Wall Street Journal editorial...I can't believe they did not include ZADEH!
Wall Street Journal Article.
Feb. 3, 2023 11:30 am ET
"Ryan Reynolds Does It. Ditto Brad Pitt. Here, a Men’s Guide to Stacking Bracelets."
By AND MY COMMENTS :)
Combining two or three bracelets can be a great look for men. It can also go very wrong. Here, tips for strategic stacking—plus four combos to emulate.
LAST SUMMER, a male mega-pop-star strolled into FoundRae’s Manhattan store and bought a slim gold chain bracelet. Beth Hutchens, the jewelry brand’s co-founder, was unprepared for the ensuing deluge of queries—mostly from fans who had manically identified the bracelet in photos of the singer and hoped that, as unlikely as it sounds, she might have insights into his marriage plans. Ms. Hutchens has no comments on that but plenty on the current vogue for men’s bracelets, reporting that FoundRae’s male shoppers, whether famous or not, seem to be wearing more arm candy than ever.
Between January and December of 2022, U.S. monthly searches related to “men’s bracelets” increased by 43%, according to Semrush, an online-trend-tracking company. At U.K. department store Selfridges, demand for men’s bracelets is up by 124% year-over-year (wrist bling recently overtook rings to become the retailer’s second-most-popular category of men’s jewelry after necklaces). With the spike in interest has come a greater breadth of styles. You can find a bracelet for every sensibility—pavé tennis bracelets glimmer, leather braids skew more low-key and beaded strands range from eclectic (alive with candy-colored trinkets) to somber (a stern string of black volcanic gemstones). THEY HAVE NOT DISCOVERED BUFFALO HORN YET!
Rather than limit yourself to one, the prevailing (and pricier) strategy is to stack ’em. The bracelet collection of David Reischer, who works in commercial real estate in Miami, started with string souvenirs he picked up years ago while traveling in Morocco and Israel. The 34-year-old has since added leather and beaded versions that he wears every day. HE NEEDS A ZADEH PIECE! Having more than one bracelet dangling from his wrist gives a strong first impression, he believes, especially when he’s called upon to shake someone’s hand, an opportunity for wrist straps to shine.
Another devotee, Zachary Jonas, the vice president of New York City jeweler Jonas Studio, says wrist stacking adds depth and personality to a look. The bright beaded bracelets that bedecked actor Ryan Reynolds’s wrists last year (and were reportedly crafted by his daughters) enlivened a summery outfit, while in recent years Brad Pitt has spiced up sober, black ensembles by layering glinting bands up his forearms.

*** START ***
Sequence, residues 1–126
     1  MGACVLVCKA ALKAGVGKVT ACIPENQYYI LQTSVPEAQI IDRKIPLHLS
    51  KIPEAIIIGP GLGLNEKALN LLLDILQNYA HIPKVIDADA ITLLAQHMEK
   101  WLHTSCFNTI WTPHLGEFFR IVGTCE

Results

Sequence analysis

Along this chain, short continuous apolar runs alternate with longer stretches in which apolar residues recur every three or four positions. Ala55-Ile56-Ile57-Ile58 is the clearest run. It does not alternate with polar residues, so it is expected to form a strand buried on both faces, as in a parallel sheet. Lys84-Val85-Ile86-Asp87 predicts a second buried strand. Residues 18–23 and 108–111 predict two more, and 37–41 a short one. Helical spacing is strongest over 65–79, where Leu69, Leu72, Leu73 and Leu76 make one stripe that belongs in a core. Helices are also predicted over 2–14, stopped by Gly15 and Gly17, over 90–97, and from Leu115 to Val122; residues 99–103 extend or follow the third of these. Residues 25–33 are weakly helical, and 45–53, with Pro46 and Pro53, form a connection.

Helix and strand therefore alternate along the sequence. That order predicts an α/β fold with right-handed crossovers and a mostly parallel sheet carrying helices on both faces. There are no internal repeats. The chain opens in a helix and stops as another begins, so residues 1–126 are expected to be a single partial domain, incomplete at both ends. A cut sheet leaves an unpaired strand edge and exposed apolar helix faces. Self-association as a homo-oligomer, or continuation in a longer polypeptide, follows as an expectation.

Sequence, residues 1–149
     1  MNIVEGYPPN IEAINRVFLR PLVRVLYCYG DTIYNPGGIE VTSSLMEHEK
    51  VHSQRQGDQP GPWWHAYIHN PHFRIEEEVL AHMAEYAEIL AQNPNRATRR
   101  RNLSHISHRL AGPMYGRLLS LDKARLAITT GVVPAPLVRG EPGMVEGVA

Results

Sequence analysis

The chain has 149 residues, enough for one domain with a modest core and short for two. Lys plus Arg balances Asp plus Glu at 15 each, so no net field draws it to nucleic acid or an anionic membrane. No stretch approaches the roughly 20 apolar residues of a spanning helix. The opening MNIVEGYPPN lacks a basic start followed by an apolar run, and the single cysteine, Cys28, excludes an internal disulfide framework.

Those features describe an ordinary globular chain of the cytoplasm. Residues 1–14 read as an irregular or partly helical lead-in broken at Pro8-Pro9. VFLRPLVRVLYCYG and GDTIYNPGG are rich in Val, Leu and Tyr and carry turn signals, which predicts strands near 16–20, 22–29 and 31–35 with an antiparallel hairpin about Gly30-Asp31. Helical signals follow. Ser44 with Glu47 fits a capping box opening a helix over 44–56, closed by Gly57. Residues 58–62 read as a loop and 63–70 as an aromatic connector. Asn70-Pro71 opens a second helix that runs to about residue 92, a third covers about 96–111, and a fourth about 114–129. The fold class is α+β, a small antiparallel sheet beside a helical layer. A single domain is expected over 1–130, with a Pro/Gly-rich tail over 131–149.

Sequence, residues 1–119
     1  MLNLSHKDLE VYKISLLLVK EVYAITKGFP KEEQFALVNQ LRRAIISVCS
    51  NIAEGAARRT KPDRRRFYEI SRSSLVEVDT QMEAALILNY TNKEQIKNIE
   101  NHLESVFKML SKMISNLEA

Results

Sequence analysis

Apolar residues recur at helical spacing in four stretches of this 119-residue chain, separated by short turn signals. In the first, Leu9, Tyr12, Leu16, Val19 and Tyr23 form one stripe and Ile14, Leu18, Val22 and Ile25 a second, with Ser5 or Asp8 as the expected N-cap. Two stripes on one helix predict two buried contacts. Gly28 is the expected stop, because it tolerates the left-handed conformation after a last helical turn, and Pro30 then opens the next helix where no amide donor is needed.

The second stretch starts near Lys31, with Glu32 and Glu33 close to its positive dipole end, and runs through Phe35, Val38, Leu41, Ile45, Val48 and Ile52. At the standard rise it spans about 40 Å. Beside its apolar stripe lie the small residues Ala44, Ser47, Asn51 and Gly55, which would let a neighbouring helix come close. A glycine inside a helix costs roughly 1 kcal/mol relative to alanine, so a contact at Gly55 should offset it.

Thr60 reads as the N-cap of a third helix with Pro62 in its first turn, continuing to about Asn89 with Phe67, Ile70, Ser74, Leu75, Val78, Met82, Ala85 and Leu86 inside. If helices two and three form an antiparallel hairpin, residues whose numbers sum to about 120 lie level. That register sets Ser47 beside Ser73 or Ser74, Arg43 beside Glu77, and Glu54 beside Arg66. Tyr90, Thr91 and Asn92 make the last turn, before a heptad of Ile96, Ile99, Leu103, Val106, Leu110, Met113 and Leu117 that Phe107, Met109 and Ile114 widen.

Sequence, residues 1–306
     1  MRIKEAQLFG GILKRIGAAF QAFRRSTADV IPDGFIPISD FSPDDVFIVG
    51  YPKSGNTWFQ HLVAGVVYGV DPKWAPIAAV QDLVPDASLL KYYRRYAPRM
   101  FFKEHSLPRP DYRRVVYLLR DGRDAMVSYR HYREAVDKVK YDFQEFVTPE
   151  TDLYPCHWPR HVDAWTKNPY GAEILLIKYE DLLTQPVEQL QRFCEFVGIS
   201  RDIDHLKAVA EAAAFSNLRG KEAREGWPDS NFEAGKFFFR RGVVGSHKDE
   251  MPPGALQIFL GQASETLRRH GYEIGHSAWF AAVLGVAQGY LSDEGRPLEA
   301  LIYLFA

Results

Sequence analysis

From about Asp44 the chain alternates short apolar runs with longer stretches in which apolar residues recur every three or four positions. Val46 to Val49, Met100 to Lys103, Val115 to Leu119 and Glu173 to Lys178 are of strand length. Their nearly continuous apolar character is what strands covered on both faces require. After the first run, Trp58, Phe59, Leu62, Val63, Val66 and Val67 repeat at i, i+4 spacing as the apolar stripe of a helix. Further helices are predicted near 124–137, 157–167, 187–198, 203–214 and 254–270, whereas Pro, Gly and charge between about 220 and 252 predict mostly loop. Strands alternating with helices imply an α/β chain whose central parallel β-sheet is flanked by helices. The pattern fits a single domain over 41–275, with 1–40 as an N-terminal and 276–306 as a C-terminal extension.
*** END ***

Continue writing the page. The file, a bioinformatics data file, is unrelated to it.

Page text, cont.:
Wearing multiple bracelets? Mix up the textures and thicknesses—and stop at three. AGREED!
Even so, for most men, this isn’t a “go for it” situation. Overly laden wrists can make you look like a 20-something on a globe-trotting gap year that never quite ended. Aim for a combo that’s easy and cohesive. For starters, stop at three bracelets per wrist, advised Michael Saiger, the founder of Miami jewelry brand Miansai. Mr. Jonas likes to practice a neat trick he calls the “Oreo effect.” By sandwiching one distinct bracelet between two matching designs—say, a silver chain flanked by strands of blue lapis lazuli beads—it “builds this one unit,” he said. “It’s nothing too distracting.” Alternatively, try varying all the materials and thicknesses to keep things interesting. A slim ribbon or rope design can temper the beefiness of a Cuban chain, suggested Mr. Saiger.
Play with proportion and texture—here, a chain meets braided leather and smooth beads. AT ZADEH, WE DON'T DO BEADS NOR CHAINS!
The biggest no-no for guys? Combining gold and silver bracelets. I DISAGREE! This classic men’s jewelry faux pas concerned many aficionados we consulted. “Mixing metals…looks like too much,” said Mark Shami, founder of New York City’s the M Jewelers. One workaround if you’re indecisive: Get a bracelet that incorporates different metals within its design, said Ms. Hutchens. That looks intentional not chaotic—and it can “bridge the gap” if the metals of your wedding ring and watch are already at odds, she said.
Whatever you do, don’t ignore your watch, emphasized Ms. Hutchens: As you strategize your stack, at least one bracelet should share at least one shade with your ticker. Mr. Reischer adheres to this rule by swapping the strap on his watch from green rubber to black when he’s sporting his black Cartier bracelet. “It’s a detail I like to pay attention to.”